FacebookTwitterGoogle+RedditEmail

Somebody’s Going to Extremes

Getting between a politician and the politician’s promise of jobs can be about as risky as getting between the proverbial mother bear and her cubs. We’ve been seeing some of this in Montana politics, with one politician going so far as warning us all about environmental extremists who don’t want even one tree cut.

I don’t recall which one of them came up with that one, but our entire Congressional Delegation has been hitting the panic button lately, warning against the alleged extremists standing in the way of, ultimately, jobs.

It’s a tempest in a teapot, a needless and unfortunate attack. The Delegation can calm down any day now, because there will be logging, and it falls into the everybody-knows-it category. Never mind whether there should be logging, or must be logging, or Montanans who absolutely abhor logging, there’s  been logging all along, and there’s going to be more of it. Why?

A basic premise of logging is that businesses and families need shelter from the likes of wind and rain, and that premise is all it’s going to take to keep logging going for some while to come and, with the logging, jobs —  so long as there’s enough forest to support them.

There’s some necessary sorting out of how much, how fast, and over how much of the state’s forests at the same time, but we can all be very sure that there’s a lot more than one tree gonna get cut in Montana.

Meanwhile, wilderness. Here too, there’s been some talk of wilderness and extremists, in the same sentence.

Now, I’m not entirely sure how to define environmental extremism. But Montana may have its own best example of it.

When I open my copy of John Hutchens’ One Man’s Montana, and get to page 207,  I see none other than Charlie Russell  quoted, from an invited and presumably well attended public speech in Great Falls: “I have been called a pioneer. In my book a pioneer is a man who comes to virgin country, traps off all the fur, kills off all the wild meat, grazes off all the grass, plows the roots up, and strings ten million miles of wire. A pioneer destroys things and calls it civilization.”

Russell wasn’t done. He added, “I wish to God that this country was just like it was when I first saw it and none of you folks were here at all.’

Russell lost that one big. So had the tribes, before his day. To the extent this has been a losing streak, it’s had a pretty long run.

Because Montana has lost lots of wilderness even since Russell’s times,  it’s hard for me to think that there’s anything so extreme about wanting to keep the fragments we have left.

Let’s get the last of it designated. Life will go on. Logging will go on. The Delegation has apparently had a hard time admitting to anyone that they know it.

Lance Olsen was born in Great Falls, spent time on a cow-hay-grain outfit just west of the Highwood Mountains, hunted sharptail grouse and mule deer, taught brain physiology, took a turn in bear conservation, and currently runs a restricted climate listserv for scientists and staff of agencies and conservation groups.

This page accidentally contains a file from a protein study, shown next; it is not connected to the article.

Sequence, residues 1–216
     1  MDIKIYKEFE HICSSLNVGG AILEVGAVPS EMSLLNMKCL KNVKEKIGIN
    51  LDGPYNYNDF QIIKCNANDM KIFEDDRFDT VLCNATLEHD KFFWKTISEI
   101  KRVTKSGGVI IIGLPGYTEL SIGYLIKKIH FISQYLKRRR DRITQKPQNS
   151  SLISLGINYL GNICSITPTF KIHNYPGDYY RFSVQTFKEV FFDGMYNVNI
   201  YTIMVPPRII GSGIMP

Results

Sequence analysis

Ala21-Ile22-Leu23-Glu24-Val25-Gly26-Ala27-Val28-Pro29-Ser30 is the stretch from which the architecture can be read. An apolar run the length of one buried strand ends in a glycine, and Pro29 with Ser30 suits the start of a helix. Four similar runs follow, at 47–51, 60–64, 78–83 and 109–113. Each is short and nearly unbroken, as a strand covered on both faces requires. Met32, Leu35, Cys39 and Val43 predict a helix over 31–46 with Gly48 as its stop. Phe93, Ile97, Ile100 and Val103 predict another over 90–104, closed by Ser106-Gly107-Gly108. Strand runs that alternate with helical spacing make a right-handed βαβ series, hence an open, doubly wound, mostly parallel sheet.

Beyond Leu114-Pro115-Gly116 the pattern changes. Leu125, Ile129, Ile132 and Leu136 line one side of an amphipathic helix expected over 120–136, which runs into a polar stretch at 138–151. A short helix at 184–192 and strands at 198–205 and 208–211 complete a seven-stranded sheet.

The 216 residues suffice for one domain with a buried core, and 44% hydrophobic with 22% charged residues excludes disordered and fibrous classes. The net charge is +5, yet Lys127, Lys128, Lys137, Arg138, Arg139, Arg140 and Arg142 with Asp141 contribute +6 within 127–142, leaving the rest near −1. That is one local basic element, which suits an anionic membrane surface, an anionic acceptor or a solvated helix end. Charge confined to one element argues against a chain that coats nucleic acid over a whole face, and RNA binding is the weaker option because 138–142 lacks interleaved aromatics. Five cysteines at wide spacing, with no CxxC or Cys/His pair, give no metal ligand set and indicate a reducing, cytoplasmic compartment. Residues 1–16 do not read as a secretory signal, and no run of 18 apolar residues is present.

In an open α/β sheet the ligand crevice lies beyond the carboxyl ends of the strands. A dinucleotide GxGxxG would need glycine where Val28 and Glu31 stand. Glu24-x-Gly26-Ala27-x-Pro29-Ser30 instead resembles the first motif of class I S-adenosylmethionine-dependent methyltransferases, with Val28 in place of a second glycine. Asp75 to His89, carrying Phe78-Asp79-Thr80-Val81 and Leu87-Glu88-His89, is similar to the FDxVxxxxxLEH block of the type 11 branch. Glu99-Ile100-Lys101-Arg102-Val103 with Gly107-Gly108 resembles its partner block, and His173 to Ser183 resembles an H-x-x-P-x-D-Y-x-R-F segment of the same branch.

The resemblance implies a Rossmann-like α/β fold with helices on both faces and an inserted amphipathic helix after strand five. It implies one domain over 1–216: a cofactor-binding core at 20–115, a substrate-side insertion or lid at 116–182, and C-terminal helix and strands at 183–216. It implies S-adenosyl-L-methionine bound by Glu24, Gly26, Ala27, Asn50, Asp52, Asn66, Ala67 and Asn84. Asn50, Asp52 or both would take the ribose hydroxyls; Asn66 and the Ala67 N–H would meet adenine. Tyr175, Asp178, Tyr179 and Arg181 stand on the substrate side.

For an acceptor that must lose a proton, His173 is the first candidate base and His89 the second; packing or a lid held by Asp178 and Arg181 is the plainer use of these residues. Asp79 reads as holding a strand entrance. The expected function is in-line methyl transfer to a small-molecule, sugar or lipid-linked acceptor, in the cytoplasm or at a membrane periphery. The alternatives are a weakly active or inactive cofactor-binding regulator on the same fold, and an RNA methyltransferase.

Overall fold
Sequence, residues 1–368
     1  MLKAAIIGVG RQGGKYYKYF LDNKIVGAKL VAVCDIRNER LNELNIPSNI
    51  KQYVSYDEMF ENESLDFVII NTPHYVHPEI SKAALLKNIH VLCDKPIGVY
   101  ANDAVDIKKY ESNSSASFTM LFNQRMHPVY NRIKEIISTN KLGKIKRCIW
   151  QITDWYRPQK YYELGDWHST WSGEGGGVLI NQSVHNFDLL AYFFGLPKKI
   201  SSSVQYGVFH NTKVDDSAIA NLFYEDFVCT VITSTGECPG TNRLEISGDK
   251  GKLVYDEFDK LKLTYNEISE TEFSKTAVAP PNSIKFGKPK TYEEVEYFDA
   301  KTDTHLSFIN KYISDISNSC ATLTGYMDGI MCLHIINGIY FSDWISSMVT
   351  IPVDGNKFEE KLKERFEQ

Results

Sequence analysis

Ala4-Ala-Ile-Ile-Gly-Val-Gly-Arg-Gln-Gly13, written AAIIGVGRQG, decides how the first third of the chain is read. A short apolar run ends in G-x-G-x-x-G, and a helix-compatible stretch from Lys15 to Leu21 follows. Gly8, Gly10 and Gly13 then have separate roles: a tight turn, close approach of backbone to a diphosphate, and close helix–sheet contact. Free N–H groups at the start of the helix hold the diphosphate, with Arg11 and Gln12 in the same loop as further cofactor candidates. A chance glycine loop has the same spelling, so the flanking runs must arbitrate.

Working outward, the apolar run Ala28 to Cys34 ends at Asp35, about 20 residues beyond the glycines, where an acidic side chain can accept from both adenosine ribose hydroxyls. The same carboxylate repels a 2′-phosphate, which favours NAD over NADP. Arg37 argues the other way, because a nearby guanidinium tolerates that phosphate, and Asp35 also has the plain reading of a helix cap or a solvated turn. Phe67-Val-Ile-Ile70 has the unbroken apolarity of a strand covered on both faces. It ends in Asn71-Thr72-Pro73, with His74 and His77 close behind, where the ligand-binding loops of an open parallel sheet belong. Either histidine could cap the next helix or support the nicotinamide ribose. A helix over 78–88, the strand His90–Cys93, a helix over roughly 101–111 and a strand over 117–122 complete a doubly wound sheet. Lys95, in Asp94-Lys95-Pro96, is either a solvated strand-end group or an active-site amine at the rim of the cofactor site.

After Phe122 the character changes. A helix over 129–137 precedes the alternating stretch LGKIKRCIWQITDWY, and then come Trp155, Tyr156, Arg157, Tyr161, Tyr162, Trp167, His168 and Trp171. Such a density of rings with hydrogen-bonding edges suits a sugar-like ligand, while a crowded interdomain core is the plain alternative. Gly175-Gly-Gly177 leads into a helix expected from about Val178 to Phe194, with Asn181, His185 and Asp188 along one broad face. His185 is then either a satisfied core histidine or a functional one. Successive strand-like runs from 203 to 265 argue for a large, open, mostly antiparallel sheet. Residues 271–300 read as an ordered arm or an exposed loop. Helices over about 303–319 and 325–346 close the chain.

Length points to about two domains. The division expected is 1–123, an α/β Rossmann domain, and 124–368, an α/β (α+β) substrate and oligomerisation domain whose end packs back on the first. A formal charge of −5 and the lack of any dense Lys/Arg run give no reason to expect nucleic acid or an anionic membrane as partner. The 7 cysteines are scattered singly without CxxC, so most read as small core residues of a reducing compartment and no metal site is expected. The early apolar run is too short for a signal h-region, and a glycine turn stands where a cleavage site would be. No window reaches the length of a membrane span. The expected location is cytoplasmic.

More articles by:
September 18, 2018
Conn Hallinan
Britain: the Anti-Semitism Debate
Tamara Pearson
Why Mexico’s Next President is No Friend of Migrants
Richard Moser
Both the Commune and Revolution
Nick Pemberton
Serena 15, Tennis Love
Binoy Kampmark
Inconvenient Realities: Climate Change and the South Pacific
Martin Billheimer
La Grand’Route: Waiting for the Bus
John Kendall Hawkins
Seymour Hersh: a Life of Adversarial Democracy at Work
Faisal Khan
Is Israel a Democracy?
John Feffer
The GOP Wants Trumpism…Without Trump
Kim Ives
The Roots of Haiti’s Movement for PetroCaribe Transparency
Dave Lindorff
We Already Have a Fake Billionaire President; Why Would We want a Real One Running in 2020?
Gerry Brown
Is China Springing Debt Traps or Throwing a Lifeline to Countries in Distress?
Pete Tucker
The Washington Post Really Wants to Stop Ben Jealous
Dean Baker
Getting It Wrong Again: Consumer Spending and the Great Recession
September 17, 2018
Melvin Goodman
What is to be Done?
Rob Urie
American Fascism
Patrick Cockburn
The Adults in the White House Trying to Save the US From Trump Are Just as Dangerous as He Is
Jeffrey St. Clair - Alexander Cockburn
The Long Fall of Bob Woodward: From Nixon’s Nemesis to Cheney’s Savoir
Mairead Maguire
Demonization of Russia in a New Cold War Era
Dean Baker
The Bank Bailout of 2008 was Unnecessary
Wim Laven
Hurricane Trump, Season 2
Yves Engler
Smearing Dimitri Lascaris
Ron Jacobs
From ROTC to Revolution and Beyond
Clark T. Scott
The Cannibals of Horsepower
Binoy Kampmark
A Traditional Right: Jimmie Åkesson and the Sweden Democrats
Laura Flanders
History Markers
Weekend Edition
September 14, 2018
Friday - Sunday
Carl Boggs
Obama’s Imperial Presidency
Joshua Frank
From CO2 to Methane, Trump’s Hurricane of Destruction
Jeffrey St. Clair
Maria’s Missing Dead
Andrew Levine
A Bulwark Against the Idiocy of Conservatives Like Brett Kavanaugh
T.J. Coles
Neil deGrasse Tyson: A Celebrity Salesman for the Military-Industrial-Complex
Jeff Ballinger
Nike and Colin Kaepernick: Fronting the Bigots’ Team
David Rosen
Why Stop at Roe? How “Settled Law” Can be Overturned
Gary Olson
Pope Francis and the Battle Over Cultural Terrain
Nick Pemberton
Donald The Victim: A Product of Post-9/11 America
Ramzy Baroud
The Veiled Danger of the ‘Dead’ Oslo Accords
Kevin Martin
U.S. Support for the Bombing of Yemen to Continue
Robert Fisk
A Murder in Aleppo
Robert Hunziker
The Elite World Order in Jitters
Ben Dangl
After 9/11: The Staggering Economic and Human Cost of the War on Terror
Charles Pierson
Invade The Hague! Bolton vs. the ICC
Robert Fantina
Trump and Palestine
Daniel Warner
Hubris on and Off the Court
John Kendall Hawkins
Boning Up on Eternal Recurrence, Kubrick-style: “2001,” Revisited
Haydar Khan
Set Theory of the Left
FacebookTwitterGoogle+RedditEmail